Tax Guides

The Lesser-Known Tax Changes That Might Impact You

The Lesser-Known Tax Changes That Might Impact You

While these developments may not have as drastic an effect on your accounting process, they could impact your earnings or operation.

To help preserve your personal finances or gain a better understanding of your contribution, Mike Parkes, our Self-Assessment Expert, one of the brains behind the tax app GoSimpleTax, has written this guide on the lesser-known tax changes of this year.

Personal Allowance has increased to £12,500

Over 30 million people are set to benefit from the increase to Personal Allowance. The tax-free sum has risen from £11,850 to £12,500 – netting the typical basic-rate taxpayer an additional £130 more.

According to Chancellor Philip Hammond, this move is in line with the rise in consumer price inflation and will particularly reward the self-employed. The basic rate tax band has also changed – to £12,501-£50,000 in taxable income. This means that you will need to earn more than £50,000 (up to £37,500 after allowances have been deducted) before you start paying tax at the higher rate of 40%.

The National Living Wage has increased to £8.21

The National Living Wage came into effect on 1st April 2016. It was created to meet the needs of citizens aged 25 and over by paying them an increased wage above the National Minimum Wage.

Provided you aren’t in your first year of an apprenticeship, you will see your wage increase to £8.21 an hour. While 2.4 million people are set to benefit, there has been less applause from SMEs, especially where their business relies on a low-paid workforce.

There are fears that such increases are putting pressure on employers. In 2016, the British Retail Consortium lobby predicted that UK retailers will have to find £3 billion a year by 2020 to handle increases to the National Living Wage. If you employ staff, ensure that you can afford the rise in pay.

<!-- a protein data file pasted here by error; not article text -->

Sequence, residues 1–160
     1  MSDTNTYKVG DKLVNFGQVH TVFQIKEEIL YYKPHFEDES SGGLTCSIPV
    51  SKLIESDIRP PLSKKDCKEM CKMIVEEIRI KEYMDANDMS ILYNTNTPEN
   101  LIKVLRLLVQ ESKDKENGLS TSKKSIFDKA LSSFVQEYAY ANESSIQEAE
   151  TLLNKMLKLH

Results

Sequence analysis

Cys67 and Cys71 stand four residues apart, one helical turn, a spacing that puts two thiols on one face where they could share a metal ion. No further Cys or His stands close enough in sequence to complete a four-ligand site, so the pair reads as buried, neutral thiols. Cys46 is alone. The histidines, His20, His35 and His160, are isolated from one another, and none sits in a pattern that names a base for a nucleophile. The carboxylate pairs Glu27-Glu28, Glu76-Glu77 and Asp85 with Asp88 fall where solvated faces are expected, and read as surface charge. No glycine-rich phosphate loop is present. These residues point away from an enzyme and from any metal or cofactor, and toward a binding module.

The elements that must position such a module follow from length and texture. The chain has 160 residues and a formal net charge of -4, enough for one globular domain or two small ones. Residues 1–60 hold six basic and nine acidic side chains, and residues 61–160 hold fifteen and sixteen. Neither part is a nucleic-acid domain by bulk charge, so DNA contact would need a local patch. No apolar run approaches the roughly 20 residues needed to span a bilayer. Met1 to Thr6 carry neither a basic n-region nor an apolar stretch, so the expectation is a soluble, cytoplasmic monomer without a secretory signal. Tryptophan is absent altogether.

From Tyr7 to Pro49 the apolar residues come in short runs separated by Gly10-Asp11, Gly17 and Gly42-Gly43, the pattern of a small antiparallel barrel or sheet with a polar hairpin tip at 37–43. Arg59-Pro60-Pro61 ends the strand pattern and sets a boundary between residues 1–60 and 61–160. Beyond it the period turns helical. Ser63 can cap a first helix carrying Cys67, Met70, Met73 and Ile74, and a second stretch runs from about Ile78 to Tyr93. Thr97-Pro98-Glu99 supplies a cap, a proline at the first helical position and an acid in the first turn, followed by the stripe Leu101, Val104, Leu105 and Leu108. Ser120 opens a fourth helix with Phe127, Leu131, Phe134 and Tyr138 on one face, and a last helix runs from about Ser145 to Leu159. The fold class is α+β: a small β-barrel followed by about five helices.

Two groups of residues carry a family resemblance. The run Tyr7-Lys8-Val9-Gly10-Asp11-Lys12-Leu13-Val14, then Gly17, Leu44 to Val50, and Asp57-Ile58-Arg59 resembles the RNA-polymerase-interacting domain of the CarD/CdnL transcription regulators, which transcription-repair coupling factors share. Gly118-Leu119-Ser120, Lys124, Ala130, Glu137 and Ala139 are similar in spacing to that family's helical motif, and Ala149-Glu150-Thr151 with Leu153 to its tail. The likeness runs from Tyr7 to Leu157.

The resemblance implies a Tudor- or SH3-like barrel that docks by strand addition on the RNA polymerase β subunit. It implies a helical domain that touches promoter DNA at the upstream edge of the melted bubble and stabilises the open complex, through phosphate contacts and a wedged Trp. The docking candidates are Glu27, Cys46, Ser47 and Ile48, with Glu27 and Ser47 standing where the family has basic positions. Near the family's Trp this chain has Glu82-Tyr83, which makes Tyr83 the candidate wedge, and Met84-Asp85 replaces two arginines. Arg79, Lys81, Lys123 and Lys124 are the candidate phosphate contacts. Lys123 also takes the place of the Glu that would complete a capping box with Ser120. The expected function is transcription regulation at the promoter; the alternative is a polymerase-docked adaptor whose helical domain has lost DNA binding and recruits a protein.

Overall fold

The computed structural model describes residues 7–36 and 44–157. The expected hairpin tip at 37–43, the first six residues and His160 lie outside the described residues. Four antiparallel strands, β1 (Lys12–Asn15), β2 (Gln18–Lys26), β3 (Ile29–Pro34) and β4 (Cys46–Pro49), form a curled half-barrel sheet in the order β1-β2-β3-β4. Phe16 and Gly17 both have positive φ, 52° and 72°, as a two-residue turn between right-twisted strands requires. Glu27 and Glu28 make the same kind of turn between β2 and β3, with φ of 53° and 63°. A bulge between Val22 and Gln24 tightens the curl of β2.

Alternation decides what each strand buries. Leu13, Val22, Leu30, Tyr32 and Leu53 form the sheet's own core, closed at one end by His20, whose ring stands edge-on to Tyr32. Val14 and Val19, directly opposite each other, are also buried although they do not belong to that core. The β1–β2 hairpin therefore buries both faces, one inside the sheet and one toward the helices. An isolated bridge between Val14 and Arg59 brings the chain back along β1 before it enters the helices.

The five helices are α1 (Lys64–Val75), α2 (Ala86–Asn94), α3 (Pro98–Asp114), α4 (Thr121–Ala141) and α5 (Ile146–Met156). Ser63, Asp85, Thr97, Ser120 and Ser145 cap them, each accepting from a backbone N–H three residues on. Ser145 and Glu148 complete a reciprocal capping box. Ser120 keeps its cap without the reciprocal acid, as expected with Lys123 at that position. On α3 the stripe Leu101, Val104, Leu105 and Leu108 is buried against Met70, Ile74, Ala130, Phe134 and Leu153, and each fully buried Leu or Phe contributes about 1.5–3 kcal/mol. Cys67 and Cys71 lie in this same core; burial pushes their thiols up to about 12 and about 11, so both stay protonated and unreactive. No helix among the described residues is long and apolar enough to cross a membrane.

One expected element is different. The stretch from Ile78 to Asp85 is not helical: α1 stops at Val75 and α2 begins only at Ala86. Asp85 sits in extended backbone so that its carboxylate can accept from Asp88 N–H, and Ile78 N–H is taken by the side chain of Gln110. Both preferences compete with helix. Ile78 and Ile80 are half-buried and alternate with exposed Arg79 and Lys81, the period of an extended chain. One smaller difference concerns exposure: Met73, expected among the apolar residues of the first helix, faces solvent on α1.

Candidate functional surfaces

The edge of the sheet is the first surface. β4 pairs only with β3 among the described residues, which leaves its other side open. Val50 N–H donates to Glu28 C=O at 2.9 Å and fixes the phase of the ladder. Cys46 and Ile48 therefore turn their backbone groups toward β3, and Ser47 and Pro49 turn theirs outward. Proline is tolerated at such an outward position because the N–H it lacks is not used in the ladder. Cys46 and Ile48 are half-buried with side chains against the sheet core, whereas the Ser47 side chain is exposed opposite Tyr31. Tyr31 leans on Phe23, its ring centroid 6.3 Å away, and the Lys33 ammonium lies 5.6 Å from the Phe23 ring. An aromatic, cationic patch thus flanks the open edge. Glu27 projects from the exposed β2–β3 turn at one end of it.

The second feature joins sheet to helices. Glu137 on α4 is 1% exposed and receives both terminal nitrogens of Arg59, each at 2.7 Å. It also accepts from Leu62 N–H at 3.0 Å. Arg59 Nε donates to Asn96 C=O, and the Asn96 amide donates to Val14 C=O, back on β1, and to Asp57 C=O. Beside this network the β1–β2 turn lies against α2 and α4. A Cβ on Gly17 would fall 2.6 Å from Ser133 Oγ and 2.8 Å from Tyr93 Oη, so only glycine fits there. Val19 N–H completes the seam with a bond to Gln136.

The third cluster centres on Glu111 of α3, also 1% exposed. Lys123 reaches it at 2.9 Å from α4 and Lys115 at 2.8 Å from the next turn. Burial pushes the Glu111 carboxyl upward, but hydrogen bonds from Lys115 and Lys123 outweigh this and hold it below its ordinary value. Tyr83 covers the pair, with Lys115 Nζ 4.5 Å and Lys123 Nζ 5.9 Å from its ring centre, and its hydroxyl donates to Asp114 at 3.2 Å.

Business rates relief to provide third off bills

However, it’s not all bad for small businesses. As part of a £13 billion rates relief scheme from 2016, those who qualify as a ‘small retailer’ will get one third off their business rates bills.

Specifically, your business will only qualify for small business rate relief if your property’s rateable value is less than £15,000 or if your organisation only uses one property. When you get a second property, you’ll keep receiving existing relief on your main property for 12 months.

Provided you meet the criteria, you won’t pay business rates on a property with a rateable value of £12,000 or less. If your rateable value is between £12,001 and £15,000, the rate of relief will go down gradually from 100% to 0%.

New Enterprise Allowance has been extended

The New Enterprise Allowance (NEA) is a government scheme that provides growth advice and funding for benefit claimants. The initiative is designed to help entrepreneurs and fledgling freelancers get their ideas up and running.

Since 2011, the scheme has been credited with supporting 120,000 businesses. The government has recognised the project’s success and confirmed it will be continuing for another two years from April 2019 – with 30,000 spaces available.

If you’re 18 and have a feasible business plan, you could be entitled to a weekly allowance worth up to £1,274 over 26 weeks. However, this has caught the ire of some individuals, highlighting how the NEA payment offers a quarter less than what Jobseeker’s Allowance provides.

Do I Need To Make A Second Payment On Account?

For the uninitiated, you may be wondering what a ‘second payment on account’ is. If you’re a freelancer or have any earnings outside of PAYE, you may need to make two advance payments on account towards your current year’s tax bill.